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The office of the Crown


Allen, JG, The office of the Crown, The Cambridge Law Journal, 77, (2) pp. 298-320. ISSN 1469-2139 (2018) [Refereed Article]

Copyright Statement

COPYRIGHT: © Cambridge Law Journal and Contributors 2018

DOI: doi:10.1017/S0008197318000338


A troubling veil of mystery still shrouds the central institution of the British Constitution – the Crown. In this paper, I examine the modern utility of five historical doctrines: the doctrine of the "King’s two bodies"; the doctrine that the Crown is a "corporation sole"; the doctrine that the King can "do no wrong"; the doctrine that (high) public offices are "emanations" of the Crown; and the doctrine that the Crown is "one and indivisible". Using some insights from social ontology, the history of office in the Western legal tradition, and the sociology of role and status, I argue that the first four of these doctrines can be refashioned into a conception of the Crown as an office. An office is an enduring institutional entity to which individuals bear a relationship from time to time, but which is separate from any individual incumbent and is to be considered in legal analysis as a separate acting subject. Using the logic of office, official personality and official action, I distinguish between the Queen, the Crown, Her Majesty’s Government and the Commonwealth and argue that together they provide a serviceable model of the modern British Constitution. The final doctrine, however, must be abandoned – the Crown is plural and divisible and this must be taken into account when using the Crown to reason about the UK’s relationship to other constitutional orders.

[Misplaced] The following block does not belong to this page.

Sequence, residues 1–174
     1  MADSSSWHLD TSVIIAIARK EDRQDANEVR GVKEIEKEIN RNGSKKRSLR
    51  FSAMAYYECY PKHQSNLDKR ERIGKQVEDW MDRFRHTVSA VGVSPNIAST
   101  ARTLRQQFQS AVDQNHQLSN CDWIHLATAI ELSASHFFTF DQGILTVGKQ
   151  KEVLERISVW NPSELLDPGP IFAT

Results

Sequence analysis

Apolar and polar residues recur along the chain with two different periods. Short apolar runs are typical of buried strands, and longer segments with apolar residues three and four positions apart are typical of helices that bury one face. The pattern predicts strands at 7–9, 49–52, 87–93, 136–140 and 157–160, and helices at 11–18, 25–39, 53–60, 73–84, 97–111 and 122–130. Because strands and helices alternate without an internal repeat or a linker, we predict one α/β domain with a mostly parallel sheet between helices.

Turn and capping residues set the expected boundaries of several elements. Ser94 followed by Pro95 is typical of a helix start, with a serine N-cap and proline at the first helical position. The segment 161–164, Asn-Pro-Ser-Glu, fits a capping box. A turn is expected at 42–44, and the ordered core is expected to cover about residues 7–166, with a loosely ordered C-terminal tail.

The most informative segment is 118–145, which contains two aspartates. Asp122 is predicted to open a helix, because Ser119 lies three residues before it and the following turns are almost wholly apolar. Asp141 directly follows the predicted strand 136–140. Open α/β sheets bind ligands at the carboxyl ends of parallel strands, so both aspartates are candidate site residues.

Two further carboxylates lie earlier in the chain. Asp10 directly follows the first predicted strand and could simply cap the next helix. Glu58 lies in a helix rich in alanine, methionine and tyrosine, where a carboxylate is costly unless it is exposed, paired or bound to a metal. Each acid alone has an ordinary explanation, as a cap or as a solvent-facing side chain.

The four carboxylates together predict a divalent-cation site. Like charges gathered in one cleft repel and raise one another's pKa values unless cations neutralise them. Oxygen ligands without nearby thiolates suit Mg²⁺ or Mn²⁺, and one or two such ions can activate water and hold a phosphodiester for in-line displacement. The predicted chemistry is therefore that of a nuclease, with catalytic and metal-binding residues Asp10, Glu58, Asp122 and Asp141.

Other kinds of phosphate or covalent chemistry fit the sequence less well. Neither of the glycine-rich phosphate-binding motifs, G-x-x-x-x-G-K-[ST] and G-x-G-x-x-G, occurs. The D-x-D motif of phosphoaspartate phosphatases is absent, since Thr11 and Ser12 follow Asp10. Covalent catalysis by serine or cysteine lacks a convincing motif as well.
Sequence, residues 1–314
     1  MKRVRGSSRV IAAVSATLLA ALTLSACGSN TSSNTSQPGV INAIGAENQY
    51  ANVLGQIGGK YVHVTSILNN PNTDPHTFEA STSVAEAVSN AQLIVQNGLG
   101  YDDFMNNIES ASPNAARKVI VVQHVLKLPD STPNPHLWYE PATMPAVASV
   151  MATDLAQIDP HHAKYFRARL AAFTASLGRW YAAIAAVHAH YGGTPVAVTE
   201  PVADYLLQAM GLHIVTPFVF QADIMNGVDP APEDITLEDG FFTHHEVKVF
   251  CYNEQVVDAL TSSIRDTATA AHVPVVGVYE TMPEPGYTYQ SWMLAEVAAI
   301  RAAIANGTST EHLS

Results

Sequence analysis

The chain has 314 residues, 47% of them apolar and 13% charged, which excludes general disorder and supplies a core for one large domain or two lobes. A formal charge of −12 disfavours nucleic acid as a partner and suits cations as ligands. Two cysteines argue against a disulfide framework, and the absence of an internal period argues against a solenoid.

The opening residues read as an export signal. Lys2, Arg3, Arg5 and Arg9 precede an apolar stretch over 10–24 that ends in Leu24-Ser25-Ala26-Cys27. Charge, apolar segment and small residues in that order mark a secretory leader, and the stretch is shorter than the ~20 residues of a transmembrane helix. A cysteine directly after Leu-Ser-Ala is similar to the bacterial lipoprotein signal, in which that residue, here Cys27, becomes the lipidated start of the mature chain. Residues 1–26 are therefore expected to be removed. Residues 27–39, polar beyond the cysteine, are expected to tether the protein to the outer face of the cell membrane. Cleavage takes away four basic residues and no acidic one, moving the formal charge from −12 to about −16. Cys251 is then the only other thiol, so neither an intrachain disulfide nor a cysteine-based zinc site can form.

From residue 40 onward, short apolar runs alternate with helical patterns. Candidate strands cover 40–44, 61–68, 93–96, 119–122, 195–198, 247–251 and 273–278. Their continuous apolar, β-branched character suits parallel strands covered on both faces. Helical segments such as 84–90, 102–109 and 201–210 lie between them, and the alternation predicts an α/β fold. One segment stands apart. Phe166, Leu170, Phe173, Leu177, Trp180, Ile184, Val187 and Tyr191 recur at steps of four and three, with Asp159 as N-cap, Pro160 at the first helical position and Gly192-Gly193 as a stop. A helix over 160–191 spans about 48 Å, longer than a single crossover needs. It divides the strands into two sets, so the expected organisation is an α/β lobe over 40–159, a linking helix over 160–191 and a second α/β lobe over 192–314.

Item Details

Item Type:Refereed Article
Keywords:Crown, corporation sole, concept of office, officer of the Crown
Research Division:Law and Legal Studies
Research Group:Law in context
Research Field:Legal theory, jurisprudence and legal interpretation
Objective Division:Expanding Knowledge
Objective Group:Expanding knowledge
Objective Field:Expanding knowledge in law and legal studies
UTAS Author:Allen, JG (Mr Jason Allen)
ID Code:134265
Year Published:2018
Web of Science® Times Cited:3
Deposited By:Office of the Faculty of Law
Deposited On:2019-08-05
Last Modified:2019-09-16

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